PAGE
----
2011-01-18-10 Wolf-Hirschhorn syndrome © Cuillier www.TheFetus.net
Department of Gynecology, Félix Guyon Hospital, 97400 Saint-Denis, Ile de la Réunion, France.
Wolf-Hirschhorn syndrome demonstrates in the antenatal period with some characteristic findings:
Severe intrauterine growth restriction
Facial dysmorphic features, midline defects (hypertelorism, labial or labio-palatine defects, corpus callosum agenesis)
Cardiac septal defects
- Urinary tract malformations
During postnatal life, neurodevelopmental delay and epilepsy can reveal this chromosomal abnormality.
We diagnosed the four following cases of Wolf-Hirschhorn syndrome prenatally.
A 23-year-old G1 P0, was scanned at our antenal unit at 30 weeks of gestation for a severe intrauterine growth restriction. Patient had non-contributive family or personal history. The ultrasound scan at 22 weeks did not reveal any anomaly.
At 30 weeks of gestation we detected a intrauterine growth restriction, without abnormal Doppler. The ultrasound findings included the following: microcephaly, flat fetal profile, a big toe and curved penis. An amniocentesis was performed. The result showed a normal karyotype 46 XY. Fluorescent hybridization in situ (FISH) detected a deletion of the short arm of chromosome 4 (4p-), which was consistent with Wolf-Hirschhorn syndrome.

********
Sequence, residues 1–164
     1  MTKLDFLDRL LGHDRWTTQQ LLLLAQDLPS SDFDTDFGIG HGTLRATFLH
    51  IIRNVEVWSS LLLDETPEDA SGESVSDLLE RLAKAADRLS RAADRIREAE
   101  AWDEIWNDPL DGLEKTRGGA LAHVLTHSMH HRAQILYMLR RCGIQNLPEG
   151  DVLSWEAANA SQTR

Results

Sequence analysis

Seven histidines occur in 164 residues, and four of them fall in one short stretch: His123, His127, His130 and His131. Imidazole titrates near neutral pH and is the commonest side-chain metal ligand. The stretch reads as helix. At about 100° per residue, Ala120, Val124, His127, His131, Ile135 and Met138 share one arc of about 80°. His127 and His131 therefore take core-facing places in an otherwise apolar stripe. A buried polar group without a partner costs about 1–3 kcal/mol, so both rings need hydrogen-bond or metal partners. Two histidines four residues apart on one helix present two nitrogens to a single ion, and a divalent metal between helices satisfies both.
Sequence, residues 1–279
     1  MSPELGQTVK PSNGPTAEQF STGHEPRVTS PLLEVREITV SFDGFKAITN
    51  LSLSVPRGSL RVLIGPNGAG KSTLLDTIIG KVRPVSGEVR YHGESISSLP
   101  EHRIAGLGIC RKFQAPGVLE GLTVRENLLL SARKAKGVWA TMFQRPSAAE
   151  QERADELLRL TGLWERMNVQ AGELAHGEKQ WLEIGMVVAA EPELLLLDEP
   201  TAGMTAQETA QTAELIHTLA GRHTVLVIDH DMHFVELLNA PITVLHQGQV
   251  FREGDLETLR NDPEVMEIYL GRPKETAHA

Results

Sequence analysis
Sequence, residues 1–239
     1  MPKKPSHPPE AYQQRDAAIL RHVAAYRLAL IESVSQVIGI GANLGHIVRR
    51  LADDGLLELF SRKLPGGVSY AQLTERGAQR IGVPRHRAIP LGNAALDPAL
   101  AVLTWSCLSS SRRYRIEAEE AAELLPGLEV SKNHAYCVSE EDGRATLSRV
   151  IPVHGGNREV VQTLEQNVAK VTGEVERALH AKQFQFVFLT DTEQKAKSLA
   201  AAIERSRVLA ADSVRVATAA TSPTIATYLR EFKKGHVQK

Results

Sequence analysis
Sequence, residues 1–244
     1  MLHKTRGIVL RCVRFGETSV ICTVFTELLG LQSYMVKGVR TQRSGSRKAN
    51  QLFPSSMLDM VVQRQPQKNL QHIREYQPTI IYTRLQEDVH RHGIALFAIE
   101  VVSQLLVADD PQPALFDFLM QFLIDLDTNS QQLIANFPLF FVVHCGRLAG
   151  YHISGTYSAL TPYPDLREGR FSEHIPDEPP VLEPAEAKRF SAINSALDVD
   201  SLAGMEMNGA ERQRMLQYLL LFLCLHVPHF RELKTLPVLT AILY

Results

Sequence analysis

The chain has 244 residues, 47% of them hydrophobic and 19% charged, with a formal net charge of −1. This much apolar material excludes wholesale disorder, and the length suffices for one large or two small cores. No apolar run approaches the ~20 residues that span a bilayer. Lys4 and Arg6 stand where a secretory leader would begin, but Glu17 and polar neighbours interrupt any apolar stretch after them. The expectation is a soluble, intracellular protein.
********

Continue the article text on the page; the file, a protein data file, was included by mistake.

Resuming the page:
Patient agreed with the pregnancy termination at 35 weeks of gestation.
Images 1,2: Images of the flat profile.
Images 3,4: Image 4 shows a big toe (arrow). Image 4 shows a curved penis.
A 23-year-old, G1 P0, was scanned at our antenal unit at 32 weeks of gestation for an intrauterine growth restriction. We detected a flat fetal profile. The amniocentesis result confirmed deletion of the short arm of chromosome 4, 4p-. Patient decided for the pregnancy termination at 33 weeks of gestation.
Images 5,6: Flat profile, prenasal edema.
Image 7,8: Image 7 shows an ear. Image 8 shows a fetal biometry at 32 weeks of gestation, the estimated fetal weight was 1206 grams corresponding with 29 weeks of gestation.